On June 19, 1865, a Union General arrived in Galveston, Texas, with the 30-months late announcement of the end of the enslavement of African Americans in the United States. 155 years later, we commemorate “Juneteenth” to recognize all who struggled and fought, and to remember that the fight for freedom is ongoing.
We have learned about heroic anti-slavery efforts like the signing of the 1688 Germantown Quaker Petition Against Slavery and the presence of the Underground Railroad here in Philadelphia. But many here do not realize that slaves were held in Philadelphia, and that William Penn, George Washington, Benjamin Franklin, and many other admired historical figures held slaves.
These Juneteenth events will help reveal local histories that are tragic and difficult, as well as histories that are celebratory. All are essential parts of our shared history.
From our friends at Historic Germantown
‘Liberty to Go to See’
from Cliveden
Friday, June 19th, 7 PM to 9 PM
Register HERE
Liberty to Go to See returns virtually on June 19th to celebrate Juneteenth. Inspired by stories found in the Chew Family Papers and based on a script written by Philadelphia Young Playwrights, Liberty to Go to See takes audiences on an intimate journey through the lives of Chew family members and the men and women—black, white, enslaved, and free—who worked for the family from the 1760s to the 1860s.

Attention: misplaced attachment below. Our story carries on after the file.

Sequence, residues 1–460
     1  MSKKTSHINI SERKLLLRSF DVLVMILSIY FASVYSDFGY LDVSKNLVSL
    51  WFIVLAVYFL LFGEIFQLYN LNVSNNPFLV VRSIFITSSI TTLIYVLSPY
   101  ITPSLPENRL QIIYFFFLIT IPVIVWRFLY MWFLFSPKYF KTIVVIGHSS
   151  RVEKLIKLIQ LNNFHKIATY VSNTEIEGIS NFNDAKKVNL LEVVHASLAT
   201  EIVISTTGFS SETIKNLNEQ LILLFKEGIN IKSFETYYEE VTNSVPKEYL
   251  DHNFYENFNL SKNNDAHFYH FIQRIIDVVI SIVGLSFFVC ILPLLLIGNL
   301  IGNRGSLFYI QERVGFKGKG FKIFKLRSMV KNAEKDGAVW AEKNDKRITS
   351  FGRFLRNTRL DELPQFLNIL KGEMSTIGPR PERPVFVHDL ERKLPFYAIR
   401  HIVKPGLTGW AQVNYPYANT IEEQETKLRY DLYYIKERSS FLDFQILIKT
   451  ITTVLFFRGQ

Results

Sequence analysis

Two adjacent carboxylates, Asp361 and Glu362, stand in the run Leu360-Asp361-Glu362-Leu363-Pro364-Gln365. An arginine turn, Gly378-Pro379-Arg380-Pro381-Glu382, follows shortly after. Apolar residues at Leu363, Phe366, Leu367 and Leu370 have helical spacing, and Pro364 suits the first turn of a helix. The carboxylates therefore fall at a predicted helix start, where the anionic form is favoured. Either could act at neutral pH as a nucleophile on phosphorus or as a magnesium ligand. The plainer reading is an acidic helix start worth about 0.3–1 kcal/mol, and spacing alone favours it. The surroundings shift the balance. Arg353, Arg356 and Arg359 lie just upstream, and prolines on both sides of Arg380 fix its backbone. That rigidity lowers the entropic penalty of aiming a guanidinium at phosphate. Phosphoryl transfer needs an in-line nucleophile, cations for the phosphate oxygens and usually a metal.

The Slave Narratives: 401 Years of Resilience
Concord School House and Upper Burying Ground of Germantown
Saturday, June 20th, 10 AM
Enter HERE
2020 represents the 401st anniversary – 1619 – of when enslaved Africans arrived in Point Comfort, Virginia aboard a Dutch ship. They were the first Africans on record to be forcibly settled as involuntary laborers in the North American British Colonies. A Facebook Live Stream by Grounded Theatre Company
Philadelphia Juneteenth Festival on Facebook Live and Zoom
from Johnson House Historic Site
Saturday, June 20th, 12 – 5 pm
Zoom Link HERE, Facebook Live Link HERE
The Johnson House Historic Site, Inc. is Philadelphia’s only accessible and intact stop on the Underground Railroad. During the 19th century, and for several generations beyond The Johnson House was owned by a family of Quaker abolitionists who worked with other European Americans, and African Americans — free and enslaved, to secure safe passage to freedom along the extensive network of clandestine routes and safe houses known as the Underground Railroad.
Always feel free to contact us with any questions about the Conservancy, our programs and events, or your membership at info@chconservancy.org
Chestnut Hill Conservancy | 8708 Germantown AvenuePhiladelphia, PA 19118